Growing Returns

Selected tag(s): climate-smart agriculture

Farmers join international climate talks prepared to take action

Nearly one year ago, President Trump announced his intention to withdraw the United States from the Paris Climate Agreement. In the absence of federal government leadership, the agriculture sector is making its voice heard in the international climate change discussions taking place this week at the U.N. Climate Change Conference in Bonn, Germany.

Farmers are on the front lines of a changing climate and increasingly extreme weather. They know that climate-smart agriculture is critical to ensuring their operations continue for generations to come. That’s why they’re pulling up a chair to take a seat at the global climate table. Read More »

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Climate-resilient agriculture requires both global and local action. Here’s how.

2017 saw 16 weather and climate disasters that cost a billion dollars or more, from freezes and hail, to fires and flooding. Agricultural losses from Hurricane Harvey, Hurricane Irma, Hurricane Maria and California wildfires alone totaled more than $5.7 billion – and counting.

With extreme weather becoming more common, we all have a stake in building a food system that can absorb and recover from such stress. A resilient food supply equips farmers with the tools and incentives to find climate-smart solutions, and that requires action globally and locally. Read More »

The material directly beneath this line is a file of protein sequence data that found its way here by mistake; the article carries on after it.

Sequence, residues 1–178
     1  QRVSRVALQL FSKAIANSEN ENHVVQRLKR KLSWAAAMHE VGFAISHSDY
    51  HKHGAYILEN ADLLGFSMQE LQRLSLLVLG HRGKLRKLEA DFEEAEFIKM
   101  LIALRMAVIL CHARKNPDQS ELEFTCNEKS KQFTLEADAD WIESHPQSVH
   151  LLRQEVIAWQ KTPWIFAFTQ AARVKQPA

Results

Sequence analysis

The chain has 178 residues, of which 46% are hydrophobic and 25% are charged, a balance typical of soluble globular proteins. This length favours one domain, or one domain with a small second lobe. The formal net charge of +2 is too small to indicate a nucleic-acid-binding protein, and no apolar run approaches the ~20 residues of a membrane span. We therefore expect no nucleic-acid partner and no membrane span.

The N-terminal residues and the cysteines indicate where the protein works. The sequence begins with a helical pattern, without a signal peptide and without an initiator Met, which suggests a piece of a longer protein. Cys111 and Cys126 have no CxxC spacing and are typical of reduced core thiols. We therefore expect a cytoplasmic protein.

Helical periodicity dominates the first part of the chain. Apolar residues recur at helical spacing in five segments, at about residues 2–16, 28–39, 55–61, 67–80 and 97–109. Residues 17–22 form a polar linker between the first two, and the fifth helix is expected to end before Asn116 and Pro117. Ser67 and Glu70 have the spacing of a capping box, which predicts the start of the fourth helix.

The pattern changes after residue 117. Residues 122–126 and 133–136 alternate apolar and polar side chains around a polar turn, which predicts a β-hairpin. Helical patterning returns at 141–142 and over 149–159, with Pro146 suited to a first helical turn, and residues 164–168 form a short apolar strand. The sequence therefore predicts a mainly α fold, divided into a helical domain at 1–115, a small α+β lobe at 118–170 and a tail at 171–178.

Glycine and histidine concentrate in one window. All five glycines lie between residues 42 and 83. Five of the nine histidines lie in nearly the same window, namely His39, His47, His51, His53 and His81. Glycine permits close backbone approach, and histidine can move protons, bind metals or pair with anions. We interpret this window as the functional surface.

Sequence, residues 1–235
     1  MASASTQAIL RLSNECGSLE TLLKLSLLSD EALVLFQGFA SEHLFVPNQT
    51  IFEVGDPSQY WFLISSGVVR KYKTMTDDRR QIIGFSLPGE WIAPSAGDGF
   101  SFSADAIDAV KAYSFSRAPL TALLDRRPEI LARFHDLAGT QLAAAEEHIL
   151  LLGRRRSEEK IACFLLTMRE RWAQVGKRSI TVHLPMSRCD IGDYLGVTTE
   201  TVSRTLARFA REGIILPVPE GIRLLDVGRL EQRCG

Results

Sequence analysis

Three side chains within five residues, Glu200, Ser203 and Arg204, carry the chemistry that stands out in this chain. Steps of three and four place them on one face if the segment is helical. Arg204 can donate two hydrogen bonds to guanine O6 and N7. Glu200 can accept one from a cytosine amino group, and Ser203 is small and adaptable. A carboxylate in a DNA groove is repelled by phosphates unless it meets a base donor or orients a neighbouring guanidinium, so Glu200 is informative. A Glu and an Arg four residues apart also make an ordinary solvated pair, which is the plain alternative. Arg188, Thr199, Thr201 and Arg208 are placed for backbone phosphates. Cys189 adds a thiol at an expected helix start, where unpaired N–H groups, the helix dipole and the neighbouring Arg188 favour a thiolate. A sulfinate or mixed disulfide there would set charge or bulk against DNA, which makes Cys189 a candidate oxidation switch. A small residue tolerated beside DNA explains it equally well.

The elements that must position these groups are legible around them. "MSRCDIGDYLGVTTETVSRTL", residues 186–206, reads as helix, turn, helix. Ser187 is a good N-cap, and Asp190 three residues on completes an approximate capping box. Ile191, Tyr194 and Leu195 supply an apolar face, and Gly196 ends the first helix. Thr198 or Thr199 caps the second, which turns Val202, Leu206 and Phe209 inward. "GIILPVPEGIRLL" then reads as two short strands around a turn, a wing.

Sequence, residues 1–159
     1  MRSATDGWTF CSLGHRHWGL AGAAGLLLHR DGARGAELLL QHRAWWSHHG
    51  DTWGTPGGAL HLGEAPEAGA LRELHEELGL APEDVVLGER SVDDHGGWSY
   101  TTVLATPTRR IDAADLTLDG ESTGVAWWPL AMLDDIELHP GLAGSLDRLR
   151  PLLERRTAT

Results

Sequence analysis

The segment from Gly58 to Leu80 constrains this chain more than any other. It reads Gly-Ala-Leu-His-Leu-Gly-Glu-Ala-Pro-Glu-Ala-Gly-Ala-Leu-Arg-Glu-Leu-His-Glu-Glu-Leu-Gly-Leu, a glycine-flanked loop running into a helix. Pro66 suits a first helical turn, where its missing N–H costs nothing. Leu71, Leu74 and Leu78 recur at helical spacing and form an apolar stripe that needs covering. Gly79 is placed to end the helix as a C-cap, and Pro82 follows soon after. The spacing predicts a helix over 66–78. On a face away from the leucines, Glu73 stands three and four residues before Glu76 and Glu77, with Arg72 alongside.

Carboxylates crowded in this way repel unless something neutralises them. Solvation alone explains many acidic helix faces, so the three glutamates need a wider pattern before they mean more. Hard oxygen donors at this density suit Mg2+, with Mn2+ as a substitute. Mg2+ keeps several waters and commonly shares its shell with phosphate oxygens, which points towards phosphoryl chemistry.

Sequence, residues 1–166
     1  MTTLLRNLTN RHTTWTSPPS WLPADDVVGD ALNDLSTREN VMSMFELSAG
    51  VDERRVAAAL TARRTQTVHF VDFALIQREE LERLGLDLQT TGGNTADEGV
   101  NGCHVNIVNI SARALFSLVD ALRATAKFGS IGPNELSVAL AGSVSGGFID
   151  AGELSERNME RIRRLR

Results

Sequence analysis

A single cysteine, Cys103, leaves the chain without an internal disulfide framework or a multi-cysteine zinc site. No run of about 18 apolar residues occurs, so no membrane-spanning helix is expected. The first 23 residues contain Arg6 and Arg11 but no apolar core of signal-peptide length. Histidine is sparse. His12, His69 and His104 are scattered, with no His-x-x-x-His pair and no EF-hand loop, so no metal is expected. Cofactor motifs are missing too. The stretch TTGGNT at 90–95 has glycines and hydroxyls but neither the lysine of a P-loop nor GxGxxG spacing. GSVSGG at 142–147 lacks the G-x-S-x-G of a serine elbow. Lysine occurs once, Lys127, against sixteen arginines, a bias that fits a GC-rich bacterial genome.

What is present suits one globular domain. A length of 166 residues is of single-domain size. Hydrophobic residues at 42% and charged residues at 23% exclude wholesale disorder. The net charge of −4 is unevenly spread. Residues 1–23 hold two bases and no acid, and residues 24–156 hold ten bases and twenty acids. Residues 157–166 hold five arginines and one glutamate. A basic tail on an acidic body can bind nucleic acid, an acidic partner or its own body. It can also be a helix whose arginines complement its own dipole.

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A new decision-making tool for farmers: more climate data

Rebecca Shaw is participating in the First Working Meeting of the Global Alliance for climate-smart agriculture on December 17 and 18, taking place in Rome

Rebecca Shaw participated in the first working meeting of the Global Alliance for Climate-Smart Agriculture on December 17 and 18 in Rome.

The President’s Climate Data Initiative launched earlier this year to bring vast amounts of government data together in one place for communities and businesses to use when making decisions in the face of climate change. Last week, the Department of Interior and other executive branch offices released more data specific to water and ecosystems, as well as new geospatial tools, that will help natural resource managers – including farmers – better prepare for the future.

The newly released data sets include critical information about stream flow, soil, land cover and biodiversity, and are complemented by tools that will enable users to visualize and overlay data sets related to ecosystems, land use, water and wildlife. Together, the new data and tools will help farmers build resilience to the impacts of changing weather. Read More »

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